With some messy dynamics emerging in his once tight-knit group of friends, and his email correspondence with Blue growing more flirtatious every day, Simon’s junior year has suddenly gotten all kinds of complicated. Now, change-averse Simon has to find a way to step out of his comfort zone before he’s pushed out—without alienating his friends, compromising himself, or fumbling a shot at happiness with the most confusing, adorable guy he’s never met.

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Blackmail, best friends, bullying, and a boy called Blue…

Simon vs the Homo Sapien Agenda Book Review Pic 2 by Casey CarlisleSuch a cute read!! (Yes it deserved two exclamation points.) With a mix of emails, text messages and playlists this is an easy to read narrative told from Simon Spiers point of view, Simon vs. the Homo Sapiens Agenda had me glued to page after page. It’s funny, gripping and ultimately huggable.

Full of misunderstandings and character growth, this book conjures up an image of a baby duck in the pond… Simon being the baby duck, fluffy and cute, following the rest of the clutch across the surface, meanwhile underneath his feet are scrambling tremendously to keep up. It is a light coming of age story with witty and sometimes ironic dialogue, and holds a few surprises to grab your attention.

If I could deduct any points it would be for the repetition of ‘I mean,’ ‘seriously’ & ‘I can’t even’ – it made me feel like I was watching and re-watching an outtake reel of Lindsay Lohan bloopers.

There is plenty of teen angst without being over dramatic. I like the way Simon was able to explore his emotions and feel safe confident about it. It was nice to read, instead of the ‘whole world is going to end if they find out I’m gay’ vibe that some books have.

Simon, in addition to his love of Oreo cookie type deserts and coffee, is trying to sleuth out the identity of Blue – the only boy who he’s had a real connection with (even if it only exists online). I appreciate the fact that Becky Albertalli did not make this Simon’s only relationship, and allowed him to explore the world on a larger scale, even though his understated manner. The cast of characters are each driven by their own motives, mostly unknown to Simon, which I think adds another level of sophistication to the narrative.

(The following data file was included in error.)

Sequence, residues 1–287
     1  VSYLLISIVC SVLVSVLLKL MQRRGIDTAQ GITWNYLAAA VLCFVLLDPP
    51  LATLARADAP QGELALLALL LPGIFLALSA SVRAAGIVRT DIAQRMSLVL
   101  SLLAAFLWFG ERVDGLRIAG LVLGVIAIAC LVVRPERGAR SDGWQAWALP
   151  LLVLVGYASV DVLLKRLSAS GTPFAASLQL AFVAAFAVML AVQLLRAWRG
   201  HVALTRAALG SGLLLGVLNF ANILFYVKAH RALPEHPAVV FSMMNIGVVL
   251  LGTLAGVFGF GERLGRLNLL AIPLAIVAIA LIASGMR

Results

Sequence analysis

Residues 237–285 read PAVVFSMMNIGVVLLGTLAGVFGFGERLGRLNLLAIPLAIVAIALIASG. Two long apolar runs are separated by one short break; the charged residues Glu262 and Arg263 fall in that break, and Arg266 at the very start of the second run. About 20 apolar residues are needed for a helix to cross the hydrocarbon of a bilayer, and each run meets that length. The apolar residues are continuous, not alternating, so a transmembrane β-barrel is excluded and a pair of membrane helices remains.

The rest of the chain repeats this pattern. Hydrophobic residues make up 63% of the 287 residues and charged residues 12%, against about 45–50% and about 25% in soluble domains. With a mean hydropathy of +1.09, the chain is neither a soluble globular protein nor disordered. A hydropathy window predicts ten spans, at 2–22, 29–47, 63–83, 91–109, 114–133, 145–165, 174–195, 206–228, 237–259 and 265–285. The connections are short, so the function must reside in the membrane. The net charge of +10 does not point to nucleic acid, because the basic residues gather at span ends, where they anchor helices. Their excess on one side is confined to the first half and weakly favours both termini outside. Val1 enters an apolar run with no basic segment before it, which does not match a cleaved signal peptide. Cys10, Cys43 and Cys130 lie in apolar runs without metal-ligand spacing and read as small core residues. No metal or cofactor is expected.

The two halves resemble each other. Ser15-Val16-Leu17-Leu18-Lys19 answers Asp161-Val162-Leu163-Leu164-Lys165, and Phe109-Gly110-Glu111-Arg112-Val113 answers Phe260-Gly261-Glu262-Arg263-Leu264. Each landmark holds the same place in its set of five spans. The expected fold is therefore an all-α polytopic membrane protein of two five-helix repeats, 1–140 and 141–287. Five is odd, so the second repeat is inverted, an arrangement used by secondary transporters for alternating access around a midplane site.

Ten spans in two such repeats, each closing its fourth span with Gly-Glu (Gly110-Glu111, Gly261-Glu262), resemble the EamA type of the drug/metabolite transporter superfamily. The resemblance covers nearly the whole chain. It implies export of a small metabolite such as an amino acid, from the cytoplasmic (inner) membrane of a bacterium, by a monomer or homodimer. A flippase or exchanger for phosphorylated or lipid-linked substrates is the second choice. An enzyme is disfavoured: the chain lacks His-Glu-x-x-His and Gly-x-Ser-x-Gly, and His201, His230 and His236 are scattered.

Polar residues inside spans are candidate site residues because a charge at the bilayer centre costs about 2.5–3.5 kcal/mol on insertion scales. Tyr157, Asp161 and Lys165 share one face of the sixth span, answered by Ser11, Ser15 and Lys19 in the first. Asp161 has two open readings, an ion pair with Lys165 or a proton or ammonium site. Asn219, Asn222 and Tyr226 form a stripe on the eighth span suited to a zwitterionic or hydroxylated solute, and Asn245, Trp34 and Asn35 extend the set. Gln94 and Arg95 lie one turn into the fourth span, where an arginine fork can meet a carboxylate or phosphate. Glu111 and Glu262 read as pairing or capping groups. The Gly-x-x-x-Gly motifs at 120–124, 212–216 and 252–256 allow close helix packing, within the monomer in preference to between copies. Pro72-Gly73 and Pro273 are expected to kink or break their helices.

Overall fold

Modern, loveable and a little bit kitsch, a definite recommend in my opinion.

Overall feeling: A big warm hug – fangirling!  *squee*

Simon vs the Homo Sapien Agenda Book Review Pic 4 by Casey Carlisle

Simon vs the Homo Sapien Agenda Book Review Pic 3 by Casey Carlisle

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© Casey Carlisle 2015. Unauthorized use and/or duplication of this material without express and written permission from this blog’s author and/or owner is strictly prohibited. Excerpts and links may be used, provided that full and clear credit is given to Casey Carlisle with appropriate and specific direction to the original content.

Book Review – Anything Could Happen by Wil Walton

Authentic as hell.

Anything Could Happen Pic 01 by Casey CarlisleGenre: Y/A, Contemporary, GLBT

No. of pages: 288

From Goodreads:

When you’re in love with the wrong person for the right reasons, anything could happen.

Tretch lives in a very small town where everybody’s in everybody else’s business. Which makes it hard for him to be in love with his straight best friend. For his part, Matt is completely oblivious to the way Tretch feels – and Tretch can’t tell whether that makes it better or worse.

The problem with living a lie is that the lie can slowly become your life. For Tretch, the problem isn’t just with Matt. His family has no idea who he really is and what he’s really thinking. The girl at the local bookstore has no clue how off-base her crush on him is. And the guy at school who’s a thorn in Tretch’s side doesn’t realize how close to the truth he’s hitting.

Tretch has spent a lot of time dancing alone in his room, but now he’s got to step outside his comfort zone and into the wider world. Because like love, a true self can rarely be contained.